How Todd Hoff stoped worrying and used disk space to scale
May 21, 2008 / By Paul Vallee
Todd Hoff, who apparently learned a hell of a lot during a short stint at Yahoo followed by some startups has an extremely well-written and edutaining article about how scaling to a million or more users requires jettisoning more or less everything we know and love about relational modeling.
Even though he uses bigtable (Google’s distributed hash storage system) as his example, in reality this approach works well with relational datastores like MySQL and Oracle too, you just have to think about your data differently and use the databases differently. So I’m including this article in the MySQL and Oracle categories because I think it would be of interest.
Here’s a taste of how it reads:
How do you structure your database using a distributed hash table like BigTable? The answer isn’t what you might expect. If you were thinking of translating relational models directly to BigTable then think again. The best way to implement joins with BigTable is: don’t. You–pause for dramatic effect–duplicate data instead of normalize it. *shudder*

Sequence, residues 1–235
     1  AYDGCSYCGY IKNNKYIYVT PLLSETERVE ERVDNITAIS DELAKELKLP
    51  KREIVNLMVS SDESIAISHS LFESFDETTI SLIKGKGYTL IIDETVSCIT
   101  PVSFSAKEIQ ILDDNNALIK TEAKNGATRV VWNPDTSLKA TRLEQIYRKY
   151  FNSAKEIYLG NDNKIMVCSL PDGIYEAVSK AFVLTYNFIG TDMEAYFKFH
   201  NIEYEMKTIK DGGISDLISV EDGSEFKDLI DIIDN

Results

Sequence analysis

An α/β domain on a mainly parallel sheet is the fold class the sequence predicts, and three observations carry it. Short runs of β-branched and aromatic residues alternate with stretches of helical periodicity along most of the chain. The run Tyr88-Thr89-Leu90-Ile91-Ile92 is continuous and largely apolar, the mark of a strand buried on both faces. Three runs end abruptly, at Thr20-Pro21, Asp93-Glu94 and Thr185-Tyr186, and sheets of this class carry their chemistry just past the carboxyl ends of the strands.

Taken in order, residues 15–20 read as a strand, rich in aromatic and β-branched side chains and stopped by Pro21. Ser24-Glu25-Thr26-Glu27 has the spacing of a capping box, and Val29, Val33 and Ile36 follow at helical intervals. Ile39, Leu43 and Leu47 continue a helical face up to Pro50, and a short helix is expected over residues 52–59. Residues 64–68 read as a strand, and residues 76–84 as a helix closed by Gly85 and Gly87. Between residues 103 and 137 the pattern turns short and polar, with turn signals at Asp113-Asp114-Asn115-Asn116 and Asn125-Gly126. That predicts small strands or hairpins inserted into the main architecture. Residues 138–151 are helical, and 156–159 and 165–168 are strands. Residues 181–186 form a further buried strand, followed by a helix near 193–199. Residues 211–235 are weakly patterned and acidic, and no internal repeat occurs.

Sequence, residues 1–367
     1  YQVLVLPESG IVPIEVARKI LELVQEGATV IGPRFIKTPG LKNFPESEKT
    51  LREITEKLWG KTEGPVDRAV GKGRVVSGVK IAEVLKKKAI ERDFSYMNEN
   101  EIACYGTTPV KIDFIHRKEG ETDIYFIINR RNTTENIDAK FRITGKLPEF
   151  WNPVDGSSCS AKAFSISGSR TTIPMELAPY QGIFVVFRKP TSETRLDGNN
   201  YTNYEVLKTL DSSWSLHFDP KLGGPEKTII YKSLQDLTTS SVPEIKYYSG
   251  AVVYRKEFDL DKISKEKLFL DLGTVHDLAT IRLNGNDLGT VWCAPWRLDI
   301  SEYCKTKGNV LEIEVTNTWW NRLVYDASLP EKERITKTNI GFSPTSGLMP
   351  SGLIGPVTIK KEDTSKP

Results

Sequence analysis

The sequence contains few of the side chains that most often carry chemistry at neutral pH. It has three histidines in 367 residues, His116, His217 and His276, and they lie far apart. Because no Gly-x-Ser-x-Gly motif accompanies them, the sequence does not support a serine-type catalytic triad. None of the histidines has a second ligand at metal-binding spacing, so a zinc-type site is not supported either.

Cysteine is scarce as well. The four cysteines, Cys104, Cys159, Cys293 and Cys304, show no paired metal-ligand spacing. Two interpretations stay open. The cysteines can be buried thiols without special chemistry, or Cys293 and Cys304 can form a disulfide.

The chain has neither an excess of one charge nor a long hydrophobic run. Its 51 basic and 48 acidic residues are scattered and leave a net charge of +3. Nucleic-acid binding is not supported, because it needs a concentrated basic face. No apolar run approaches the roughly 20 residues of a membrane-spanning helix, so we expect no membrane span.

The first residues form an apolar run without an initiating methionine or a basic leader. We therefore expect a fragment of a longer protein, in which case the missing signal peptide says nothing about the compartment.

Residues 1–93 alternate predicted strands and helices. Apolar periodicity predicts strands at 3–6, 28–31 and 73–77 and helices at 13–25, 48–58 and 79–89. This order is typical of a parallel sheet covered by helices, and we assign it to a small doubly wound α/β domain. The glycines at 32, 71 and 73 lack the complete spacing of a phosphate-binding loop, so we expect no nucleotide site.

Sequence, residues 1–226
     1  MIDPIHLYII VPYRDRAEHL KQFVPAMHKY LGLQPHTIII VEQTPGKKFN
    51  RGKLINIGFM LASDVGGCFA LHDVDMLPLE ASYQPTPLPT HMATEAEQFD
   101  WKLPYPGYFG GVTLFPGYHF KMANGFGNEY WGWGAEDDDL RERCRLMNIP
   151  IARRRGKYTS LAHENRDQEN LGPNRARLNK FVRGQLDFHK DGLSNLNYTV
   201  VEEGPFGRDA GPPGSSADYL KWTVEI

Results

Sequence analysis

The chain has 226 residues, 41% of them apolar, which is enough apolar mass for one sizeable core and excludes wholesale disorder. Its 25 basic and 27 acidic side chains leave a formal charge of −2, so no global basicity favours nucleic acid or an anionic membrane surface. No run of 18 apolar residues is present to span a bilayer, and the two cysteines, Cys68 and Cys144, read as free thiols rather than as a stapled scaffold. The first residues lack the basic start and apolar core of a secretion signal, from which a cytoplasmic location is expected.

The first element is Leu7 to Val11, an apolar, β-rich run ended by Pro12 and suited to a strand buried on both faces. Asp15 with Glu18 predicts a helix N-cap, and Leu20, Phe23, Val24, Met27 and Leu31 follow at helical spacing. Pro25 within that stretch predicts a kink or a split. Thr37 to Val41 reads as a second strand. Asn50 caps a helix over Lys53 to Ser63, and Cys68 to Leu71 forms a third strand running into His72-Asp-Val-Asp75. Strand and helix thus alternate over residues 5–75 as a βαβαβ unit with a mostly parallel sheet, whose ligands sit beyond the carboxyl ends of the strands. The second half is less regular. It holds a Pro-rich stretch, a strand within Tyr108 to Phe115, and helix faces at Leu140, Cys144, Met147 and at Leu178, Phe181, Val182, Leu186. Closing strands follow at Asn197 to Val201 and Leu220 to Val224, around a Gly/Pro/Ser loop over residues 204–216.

Flickr anticipated this design in their architecture when they chose to duplicate comments in both the commentor and the commentee user shards rather than create a separate comment relation. I don’t know how that decision was made, but it must have gone against every fiber in their relational bones…
But Flickr’s reasoning was genius. To scale you need to partition. User data must spread across the shards. So where do comments belong in a scalable architecture?
The answer is, in case you aren’t following yet, you store it everywhere you might need it and worry about keeping your multiple copies in sync later, if at all.
BigTable data ethics are more Mardi Gras than dinner with the in-laws. Data just wants to have fun. BigTable won’t stop you from hurting yourself. And to get the best results you may have to engage in some conventionally risky behaviors. But if those are the glass bead necklaces you have to give for a peak at scalability, why not take a walk on the wild side?
So anyway, this is awesome stuff and thanks Todd. For your reading and learning enjoyment: Todd Hoff’s “How I learned to stop worrying and use lots of disk space to scale”.